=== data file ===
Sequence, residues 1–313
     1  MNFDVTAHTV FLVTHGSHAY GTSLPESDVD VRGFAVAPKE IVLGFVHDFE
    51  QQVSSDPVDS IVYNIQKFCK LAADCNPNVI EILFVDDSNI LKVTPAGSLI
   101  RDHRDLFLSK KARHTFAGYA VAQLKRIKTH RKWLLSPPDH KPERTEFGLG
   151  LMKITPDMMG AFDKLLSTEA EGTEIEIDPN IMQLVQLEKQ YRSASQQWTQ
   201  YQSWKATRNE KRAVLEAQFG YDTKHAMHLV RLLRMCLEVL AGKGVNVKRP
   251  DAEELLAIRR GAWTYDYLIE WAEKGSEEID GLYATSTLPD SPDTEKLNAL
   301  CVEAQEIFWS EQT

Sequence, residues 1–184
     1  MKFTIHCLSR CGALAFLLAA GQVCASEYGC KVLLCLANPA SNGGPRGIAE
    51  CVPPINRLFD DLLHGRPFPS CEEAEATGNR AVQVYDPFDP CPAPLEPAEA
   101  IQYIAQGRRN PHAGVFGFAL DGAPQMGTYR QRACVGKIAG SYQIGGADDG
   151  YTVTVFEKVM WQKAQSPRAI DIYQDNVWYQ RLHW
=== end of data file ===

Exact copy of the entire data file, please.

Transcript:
Sequence, residues 1–313
     1  MNFDVTAHTV FLVTHGSHAY GTSLPESDVD VRGFAVAPKE IVLGFVHDFE
    51  QQVSSDPVDS IVYNIQKFCK LAADCNPNVI EILFVDDSNI LKVTPAGSLI
   101  RDHRDLFLSK KARHTFAGYA VAQLKRIKTH RKWLLSPPDH KPERTEFGLG
   151  LMKITPDMMG AFDKLLSTEA EGTEIEIDPN IMQLVQLEKQ YRSASQQWTQ
   201  YQSWKATRNE KRAVLEAQFG YDTKHAMHLV RLLRMCLEVL AGKGVNVKRP
   251  DAEELLAIRR GAWTYDYLIE WAEKGSEEID GLYATSTLPD SPDTEKLNAL
   301  CVEAQEIFWS EQT

Sequence, residues 1–184
     1  MKFTIHCLSR CGALAFLLAA GQVCASEYGC KVLLCLANPA SNGGPRGIAE
    51  CVPPINRLFD DLLHGRPFPS CEEAEATGNR AVQVYDPFDP CPAPLEPAEA
   101  IQYIAQGRRN PHAGVFGFAL DGAPQMGTYR QRACVGKIAG SYQIGGADDG
   151  YTVTVFEKVM WQKAQSPRAI DIYQDNVWYQ RLHW